If the terrorists who took over a federal building had brown skin & weird names they'd already be dead. #OregonUnderAttack
#whatlucictoldweise A day will come when you think you are safe and happy, and your joy will turn to ashes in your mouth.
Now that the day is over and I successfully avoided the hospital, I can reflect back on my 40th birthday. I did not think I would see 40. Just over five years ago I was in a hospital bed at Massachusetts General staring the reality of death squarely in the face. The doctor's assistant told me that if the blood vessel in my brain hadn't popped and the tumor had gone undiscovered, I would have been dead by the new year. Of course, if I hadn't gone into Parkview that Monday morning I might've been dead that night. However, thanks in no small part to my mother, Joan and Andy Labrie, Shirley Searles, Sarah Gutherz and a whole army of well-wishers out there, I made it through. My medical team was brilliant, from Fred Barker to my PCP Stacia Baker. Then there were the unsung heroes: my nurses. Always there when they were needed, always smiling but never thanked enough for all that they did. My first nurse took a scared young man and revitalized him with two actions I will never forget. The first was writing "TEAM BARKER" at the foot of my bed, invoking memories of past teams at UMaine and North Yarmouth Academy and making me realize this wasn't something happening TO me, but rather that I was an active participant and this was just another game I was going to have to win. Then she came to my side and said, "There are many places to mend a broken arm or to have a child, but for what you need there is only one place for you - and you're already here." I don't know why, but those words put me at peace. It was five years ago today that I came home from rehab. I could still barely walk (that's gotten better) and my memory had more holes than a leaky sieve (that hasn't) but I was back home. I remember when I had my stroke I thought I would return to my work at Delorme by Christmas. How naive I was. It wasn't until almost Memorial Day of 2009 when I was able to walk (somewhat) on my own and by chance it was at our family's grave. It occurred to me then that were it not for the hard work and dedication of countless others I would be buried under the very ground where I was walking. So thank you to all for the birthday wishes yesterday, thank you for the support five years ago and here's hoping the future isn't nearly as eventful as the past!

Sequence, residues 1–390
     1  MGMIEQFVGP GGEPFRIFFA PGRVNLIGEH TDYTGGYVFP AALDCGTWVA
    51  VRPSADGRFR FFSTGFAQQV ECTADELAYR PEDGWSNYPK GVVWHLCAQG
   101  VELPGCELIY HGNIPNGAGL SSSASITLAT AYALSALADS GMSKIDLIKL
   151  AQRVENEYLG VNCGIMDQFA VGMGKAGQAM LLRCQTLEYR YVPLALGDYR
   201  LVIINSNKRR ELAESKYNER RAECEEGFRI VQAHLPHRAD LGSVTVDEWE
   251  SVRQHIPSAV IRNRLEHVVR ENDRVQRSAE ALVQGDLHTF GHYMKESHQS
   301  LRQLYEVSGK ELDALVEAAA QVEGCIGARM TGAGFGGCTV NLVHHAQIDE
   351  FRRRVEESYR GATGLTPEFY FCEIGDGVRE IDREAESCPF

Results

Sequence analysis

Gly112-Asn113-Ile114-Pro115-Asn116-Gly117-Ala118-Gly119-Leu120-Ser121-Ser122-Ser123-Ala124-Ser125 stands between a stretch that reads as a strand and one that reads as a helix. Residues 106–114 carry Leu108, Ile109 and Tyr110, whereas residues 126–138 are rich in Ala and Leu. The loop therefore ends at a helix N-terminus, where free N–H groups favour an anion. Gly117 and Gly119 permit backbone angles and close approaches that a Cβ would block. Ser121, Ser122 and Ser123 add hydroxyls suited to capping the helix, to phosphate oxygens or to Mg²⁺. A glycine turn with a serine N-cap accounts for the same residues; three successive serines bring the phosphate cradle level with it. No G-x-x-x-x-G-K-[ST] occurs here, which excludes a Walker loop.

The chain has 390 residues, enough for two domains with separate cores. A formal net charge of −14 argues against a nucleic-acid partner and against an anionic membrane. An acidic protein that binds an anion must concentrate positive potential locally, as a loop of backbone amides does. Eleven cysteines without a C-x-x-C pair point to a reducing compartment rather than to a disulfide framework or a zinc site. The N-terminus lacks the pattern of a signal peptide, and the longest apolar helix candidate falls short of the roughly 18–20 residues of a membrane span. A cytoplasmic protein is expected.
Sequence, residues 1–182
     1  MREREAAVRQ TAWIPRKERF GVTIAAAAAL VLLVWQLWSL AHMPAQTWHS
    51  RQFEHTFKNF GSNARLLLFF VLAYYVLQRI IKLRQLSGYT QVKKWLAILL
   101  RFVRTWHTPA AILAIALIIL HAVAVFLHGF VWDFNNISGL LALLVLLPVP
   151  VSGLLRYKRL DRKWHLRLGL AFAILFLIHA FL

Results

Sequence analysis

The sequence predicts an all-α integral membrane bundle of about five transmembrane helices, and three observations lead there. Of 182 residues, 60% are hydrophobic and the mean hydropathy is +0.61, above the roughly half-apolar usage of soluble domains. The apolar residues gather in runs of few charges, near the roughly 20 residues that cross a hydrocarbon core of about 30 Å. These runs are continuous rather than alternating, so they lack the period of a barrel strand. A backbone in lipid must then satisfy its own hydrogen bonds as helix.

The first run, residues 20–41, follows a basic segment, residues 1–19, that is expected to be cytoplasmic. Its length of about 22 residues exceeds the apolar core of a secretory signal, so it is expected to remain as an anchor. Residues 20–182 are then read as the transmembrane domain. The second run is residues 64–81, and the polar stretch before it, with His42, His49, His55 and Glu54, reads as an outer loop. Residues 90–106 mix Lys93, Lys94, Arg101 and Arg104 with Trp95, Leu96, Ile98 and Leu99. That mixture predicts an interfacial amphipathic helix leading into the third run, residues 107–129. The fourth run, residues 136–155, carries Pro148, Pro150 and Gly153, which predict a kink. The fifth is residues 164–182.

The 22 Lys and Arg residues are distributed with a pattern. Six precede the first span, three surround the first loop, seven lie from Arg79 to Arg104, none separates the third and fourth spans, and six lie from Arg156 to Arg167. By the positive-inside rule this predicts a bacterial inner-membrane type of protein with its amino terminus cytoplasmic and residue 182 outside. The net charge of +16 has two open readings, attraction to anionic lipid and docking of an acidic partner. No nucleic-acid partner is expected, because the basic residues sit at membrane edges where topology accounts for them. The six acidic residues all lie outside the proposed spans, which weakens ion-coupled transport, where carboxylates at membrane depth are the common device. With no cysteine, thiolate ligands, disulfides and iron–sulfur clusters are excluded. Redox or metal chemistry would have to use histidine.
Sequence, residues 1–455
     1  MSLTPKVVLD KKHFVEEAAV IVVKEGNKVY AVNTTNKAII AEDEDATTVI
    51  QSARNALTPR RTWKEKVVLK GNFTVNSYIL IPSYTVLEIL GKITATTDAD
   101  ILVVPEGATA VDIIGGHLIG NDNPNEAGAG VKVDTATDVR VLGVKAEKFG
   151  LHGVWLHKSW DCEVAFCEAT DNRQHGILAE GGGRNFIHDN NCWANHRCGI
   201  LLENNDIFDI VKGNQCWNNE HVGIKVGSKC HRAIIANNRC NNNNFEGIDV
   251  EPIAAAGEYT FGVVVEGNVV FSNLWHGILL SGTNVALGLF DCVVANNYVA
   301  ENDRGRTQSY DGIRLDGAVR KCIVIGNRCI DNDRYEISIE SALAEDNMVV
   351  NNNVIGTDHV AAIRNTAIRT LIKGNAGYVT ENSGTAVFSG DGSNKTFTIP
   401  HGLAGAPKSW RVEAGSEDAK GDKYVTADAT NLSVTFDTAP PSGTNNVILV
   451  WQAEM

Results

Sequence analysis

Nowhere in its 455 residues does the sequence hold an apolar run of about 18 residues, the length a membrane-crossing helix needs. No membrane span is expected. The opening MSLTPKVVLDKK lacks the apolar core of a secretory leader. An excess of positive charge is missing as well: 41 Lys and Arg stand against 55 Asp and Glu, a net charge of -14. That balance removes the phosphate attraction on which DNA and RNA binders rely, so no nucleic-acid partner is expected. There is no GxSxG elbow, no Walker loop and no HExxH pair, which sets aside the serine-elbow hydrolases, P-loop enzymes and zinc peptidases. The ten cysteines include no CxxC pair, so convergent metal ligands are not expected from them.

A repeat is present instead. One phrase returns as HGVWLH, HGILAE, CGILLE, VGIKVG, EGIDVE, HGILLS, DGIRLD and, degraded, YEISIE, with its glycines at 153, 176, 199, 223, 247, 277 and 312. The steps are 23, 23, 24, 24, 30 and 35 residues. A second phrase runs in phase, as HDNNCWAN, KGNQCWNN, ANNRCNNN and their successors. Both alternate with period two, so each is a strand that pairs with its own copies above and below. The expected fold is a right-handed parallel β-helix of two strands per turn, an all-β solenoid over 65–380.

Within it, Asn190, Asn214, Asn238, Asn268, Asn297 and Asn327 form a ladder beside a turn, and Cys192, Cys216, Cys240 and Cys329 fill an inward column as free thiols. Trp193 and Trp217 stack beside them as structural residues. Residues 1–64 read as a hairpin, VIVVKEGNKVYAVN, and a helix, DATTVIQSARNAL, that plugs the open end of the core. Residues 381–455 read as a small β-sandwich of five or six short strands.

#askneal if you could go back in time and end the career of any player in NHL history who would you choose?